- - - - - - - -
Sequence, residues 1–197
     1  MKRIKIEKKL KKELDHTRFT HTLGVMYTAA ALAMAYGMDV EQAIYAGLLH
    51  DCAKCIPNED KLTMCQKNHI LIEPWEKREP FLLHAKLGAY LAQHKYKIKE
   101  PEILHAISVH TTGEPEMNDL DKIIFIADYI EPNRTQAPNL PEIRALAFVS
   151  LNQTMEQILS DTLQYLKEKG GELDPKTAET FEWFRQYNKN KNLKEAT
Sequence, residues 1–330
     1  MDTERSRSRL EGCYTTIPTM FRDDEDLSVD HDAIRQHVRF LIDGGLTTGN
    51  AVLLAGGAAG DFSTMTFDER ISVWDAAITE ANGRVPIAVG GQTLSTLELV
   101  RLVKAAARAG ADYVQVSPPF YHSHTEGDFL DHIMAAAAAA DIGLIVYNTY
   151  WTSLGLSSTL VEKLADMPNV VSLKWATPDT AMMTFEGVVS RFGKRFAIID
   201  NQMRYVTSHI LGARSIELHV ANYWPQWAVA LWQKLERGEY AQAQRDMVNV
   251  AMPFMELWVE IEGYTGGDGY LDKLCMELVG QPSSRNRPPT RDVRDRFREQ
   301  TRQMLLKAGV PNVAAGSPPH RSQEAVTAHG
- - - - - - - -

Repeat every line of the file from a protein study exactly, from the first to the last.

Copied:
Sequence, residues 1–197
     1  MKRIKIEKKL KKELDHTRFT HTLGVMYTAA ALAMAYGMDV EQAIYAGLLH
    51  DCAKCIPNED KLTMCQKNHI LIEPWEKREP FLLHAKLGAY LAQHKYKIKE
   101  PEILHAISVH TTGEPEMNDL DKIIFIADYI EPNRTQAPNL PEIRALAFVS
   151  LNQTMEQILS DTLQYLKEKG GELDPKTAET FEWFRQYNKN KNLKEAT
Sequence, residues 1–330
     1  MDTERSRSRL EGCYTTIPTM FRDDEDLSVD HDAIRQHVRF LIDGGLTTGN
    51  AVLLAGGAAG DFSTMTFDER ISVWDAAITE ANGRVPIAVG GQTLSTLELV
   101  RLVKAAARAG ADYVQVSPPF YHSHTEGDFL DHIMAAAAAA DIGLIVYNTY
   151  WTSLGLSSTL VEKLADMPNV VSLKWATPDT AMMTFEGVVS RFGKRFAIID
   201  NQMRYVTSHI LGARSIELHV ANYWPQWAVA LWQKLERGEY AQAQRDMVNV
   251  AMPFMELWVE IEGYTGGDGY LDKLCMELVG QPSSRNRPPT RDVRDRFREQ
   301  TRQMLLKAGV PNVAAGSPPH RSQEAVTAHG